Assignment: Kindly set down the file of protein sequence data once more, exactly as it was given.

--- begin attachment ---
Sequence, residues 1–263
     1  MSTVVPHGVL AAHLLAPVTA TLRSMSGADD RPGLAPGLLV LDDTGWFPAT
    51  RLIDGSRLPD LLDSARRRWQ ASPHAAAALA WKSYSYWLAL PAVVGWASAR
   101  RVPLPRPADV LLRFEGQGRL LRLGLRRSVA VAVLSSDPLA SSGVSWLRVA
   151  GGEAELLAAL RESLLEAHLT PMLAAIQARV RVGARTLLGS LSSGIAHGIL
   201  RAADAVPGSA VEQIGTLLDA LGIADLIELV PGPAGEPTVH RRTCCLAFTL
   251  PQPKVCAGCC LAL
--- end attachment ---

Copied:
Sequence, residues 1–263
     1  MSTVVPHGVL AAHLLAPVTA TLRSMSGADD RPGLAPGLLV LDDTGWFPAT
    51  RLIDGSRLPD LLDSARRRWQ ASPHAAAALA WKSYSYWLAL PAVVGWASAR
   101  RVPLPRPADV LLRFEGQGRL LRLGLRRSVA VAVLSSDPLA SSGVSWLRVA
   151  GGEAELLAAL RESLLEAHLT PMLAAIQARV RVGARTLLGS LSSGIAHGIL
   201  RAADAVPGSA VEQIGTLLDA LGIADLIELV PGPAGEPTVH RRTCCLAFTL
   251  PQPKVCAGCC LAL